“I was doing things I wouldn’t normally be doing,” she said. “It was not normal for me to do that.”
But when she asked for help, many doctors didn’t know where to start.
And she said some doctors spoke to her with an “air of arrogance.”
“We were basically told ‘No, I’m the expert. I know what I’m talking about. And you don’t,'” she said.
In the report, 47 percent of people with dementia and their caregivers listed a lack of access to trained physicians as a barrier to diagnosis. Forty-six percent of respondents also chose fear of diagnosis as a barrier, and 34 percent chose cost.
When physicians were surveyed, 37 percent of them said a lack of knowledge was a barrier to making a diagnosis.
And one in three still feels that a medical diagnosis of dementia doesn’t make sense because of a lack of treatment — Gauthier said, adding that there was an improvement in the general attitude of physicians compared to previous years.
Being put through many misdiagnoses is stressful, emotional and can contribute to mental health struggles, but Whitten said there can be other consequences, such as people who have already lost their jobs on the advice of a doctor.
“If you’re on any sort of disability and then you get the diagnosis turned down, it affects everyone. Like, it has a huge impact for people.”
Developing new ways to assess patients
So how difficult is it to diagnose dementia?
One aspect is to look for specific proteins, Gauthier explained.
“There are two major proteins that build up with age in the brain,” he said. “You can see how abnormal they are if you do a spinal tap, so you can measure the fluid in the spinal cord.
“The other way to look at those proteins is with a PET scan. It’s something we’re very good at in Montreal, but it’s very expensive.”
But doctors may be able to measure these proteins just by looking at the blood.
Gauthier explained that over the past five years in Montreal, he has had volunteers with many ages, types and symptoms of dementia receive PET scans, spinal taps, and blood tests.
“And we were able to show conclusively that what you pick up in the blood is related to what you see in the spinal cord and what you see in the brain,” he said. “So we need another study around the world to confirm if this is true elsewhere. And then these blood tests that can be used in daily practice.”
He said it is still considered experimental, but that the labs at McGill and the University of British Columbia are “gearing up for it.”
“I predict maybe two years will be [interval] Where we will measure both blood and spinal fluid, just to make sure we get the same results,” he said. “And then we can move to fair use and clinical practice.”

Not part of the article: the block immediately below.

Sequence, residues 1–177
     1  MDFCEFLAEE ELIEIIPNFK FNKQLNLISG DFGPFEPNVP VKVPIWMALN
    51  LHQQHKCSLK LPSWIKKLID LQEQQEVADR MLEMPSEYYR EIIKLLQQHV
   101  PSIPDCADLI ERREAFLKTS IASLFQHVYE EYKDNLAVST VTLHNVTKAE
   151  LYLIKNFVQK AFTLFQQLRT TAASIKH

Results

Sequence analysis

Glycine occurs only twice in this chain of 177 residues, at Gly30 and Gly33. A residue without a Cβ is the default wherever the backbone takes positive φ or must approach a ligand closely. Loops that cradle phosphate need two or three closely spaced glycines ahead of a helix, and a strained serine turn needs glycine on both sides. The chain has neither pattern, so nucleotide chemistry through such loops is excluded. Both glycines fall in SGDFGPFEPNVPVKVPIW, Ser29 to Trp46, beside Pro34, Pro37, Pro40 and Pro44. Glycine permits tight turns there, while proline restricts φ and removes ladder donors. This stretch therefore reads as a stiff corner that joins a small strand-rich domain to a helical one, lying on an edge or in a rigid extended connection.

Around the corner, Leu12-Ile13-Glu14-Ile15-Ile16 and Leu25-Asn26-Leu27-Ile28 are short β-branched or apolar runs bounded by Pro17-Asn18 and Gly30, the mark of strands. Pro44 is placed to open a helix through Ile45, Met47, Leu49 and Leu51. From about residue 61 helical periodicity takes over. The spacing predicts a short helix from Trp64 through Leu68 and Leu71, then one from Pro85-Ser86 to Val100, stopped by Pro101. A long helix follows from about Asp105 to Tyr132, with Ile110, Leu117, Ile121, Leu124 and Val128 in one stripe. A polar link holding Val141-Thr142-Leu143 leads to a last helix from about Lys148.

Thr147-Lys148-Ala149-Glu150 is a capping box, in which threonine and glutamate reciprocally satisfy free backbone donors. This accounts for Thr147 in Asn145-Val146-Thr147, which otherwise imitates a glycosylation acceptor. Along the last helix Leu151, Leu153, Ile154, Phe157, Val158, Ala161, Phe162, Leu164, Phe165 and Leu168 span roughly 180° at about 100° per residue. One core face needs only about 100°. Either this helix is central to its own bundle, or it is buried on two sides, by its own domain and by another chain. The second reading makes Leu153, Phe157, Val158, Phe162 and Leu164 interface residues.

The tricky part is that these proteins alone do not necessarily mean that a person has dementia – a person in their 90s may have a higher amount of these proteins in their brains as they age, but there are no symptoms of dementia. such as memory loss or difficulty performing tasks in their daily lives.
“There are other factors at play,” Gauthier said.
Diagnosis means looking at all aspects, including physical, emotional and mental symptoms and changes in the patient. These blood tests can help speed diagnosis or certainty of diagnosis, but are not by themselves means.
Gauthier said that as we get older, it’s normal to have memory loss in our 80s and 90s, and for us to rapidly enter rooms without remembering why we went there, or struggle with names. Doing.
The Thres Of Saying “It’s Probably Early Dementia” Is When You Forget To Take The Kids To Daycare Too Much Once [times], you forget where the car is parked once too many [times]You forgot to pay some bills. This is a gray area. When do you forget so much that you should worry about it?”
In the report they suggest that we develop self-tests that can be taken online, so that people can check them annually to test their memory and how they are performing in daily life.
This can help people find out if they are experiencing regular aging, or if some executive function is rapidly disappearing and is something they need to ask their doctor about. Is.
Flood of people in search of new treatment
Gauthier pointed out that with the advent of new treatments that are aimed at specific types of dementia, as the years go by, accurate diagnosis will become more important.
Earlier this year, a new treatment for Alzheimer’s became available in the US – the first of its kind to be approved. Called aducanumab, it is a novel therapy aimed at addressing the underlying cause of Alzheimer’s disease by targeting amyloid beta plaques in the brain. It was given accelerated approval for use by the US Food and Drug…